Christian Smith’s The Bible Made Impossible: Why Biblicism is Not a Truly Evangelical Reading of Scripture was released back in August of last year. Immediately Roger Olson and Scot McKnight called it one of the most important books of the year and began a series of posts discussing each chapter in detail. A few months later, Natalie Burris and I began a series of posts exploring some of the issues Smith raised, using them as springboards to dive into deeper parts of the theological pool. My own pet project has been to try and flesh out exactly how regular Joe and Mary church-goer would sit down and read their Bible using what Smith calls a “Christocentric hermeneutic” after they’ve been told to read it as a “manual” for 30 years. (I extend an open invitation to anyone who wants to help me with this project.)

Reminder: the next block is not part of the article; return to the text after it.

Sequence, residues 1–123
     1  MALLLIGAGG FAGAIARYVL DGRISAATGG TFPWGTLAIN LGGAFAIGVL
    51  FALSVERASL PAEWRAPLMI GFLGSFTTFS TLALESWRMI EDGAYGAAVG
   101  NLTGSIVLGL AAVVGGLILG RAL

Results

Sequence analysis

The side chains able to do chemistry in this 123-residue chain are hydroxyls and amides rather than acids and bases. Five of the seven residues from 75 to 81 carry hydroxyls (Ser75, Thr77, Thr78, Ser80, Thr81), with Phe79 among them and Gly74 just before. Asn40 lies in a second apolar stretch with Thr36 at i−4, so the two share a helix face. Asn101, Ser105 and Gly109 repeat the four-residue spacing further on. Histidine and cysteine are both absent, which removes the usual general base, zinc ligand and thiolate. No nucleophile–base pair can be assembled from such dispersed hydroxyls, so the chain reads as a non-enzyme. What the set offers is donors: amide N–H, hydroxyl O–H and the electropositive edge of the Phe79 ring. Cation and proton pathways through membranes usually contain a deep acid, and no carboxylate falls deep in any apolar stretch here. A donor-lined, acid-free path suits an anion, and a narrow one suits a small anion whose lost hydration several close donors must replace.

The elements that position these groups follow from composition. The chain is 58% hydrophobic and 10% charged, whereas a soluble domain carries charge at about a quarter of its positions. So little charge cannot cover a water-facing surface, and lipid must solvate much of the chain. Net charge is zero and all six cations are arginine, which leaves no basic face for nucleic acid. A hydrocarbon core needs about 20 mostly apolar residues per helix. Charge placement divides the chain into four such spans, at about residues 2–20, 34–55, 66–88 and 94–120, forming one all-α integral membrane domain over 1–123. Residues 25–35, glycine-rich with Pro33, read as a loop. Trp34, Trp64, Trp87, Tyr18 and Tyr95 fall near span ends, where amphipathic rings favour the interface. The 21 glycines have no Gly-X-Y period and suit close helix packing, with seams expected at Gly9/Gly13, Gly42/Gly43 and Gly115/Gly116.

I hadn’t heard any rumblings about this subject for a few months so I resigned myself to the fact that I would once again be the crazy person in the church atrium screaming “The Bible is NOT an instruction manual” while everyone else walked past me to hear a sermon called “How the Bible can fix your marriage and improve your bottom line.”
But glory be! Rachel Held Evans, Daniel Kirk, and James McGrath all had posts this week with titles like “If You Can’t Have the Bible You’d Love, Love the Bible You Have.” Daniel Kirk has predicted (if that’s the right word) that one of the three or four major conversations in evangelicalism this year will be “what the Bible is.” I am hopeful that the fires of Bible suffrage have been stoked once again.
Maybe this will finally be the year when evangelicals across the country open their windows, stick their heads out, and yell “I’m mad as Hell and I’m going to read “The Blue Parakeet!”
One can only hope.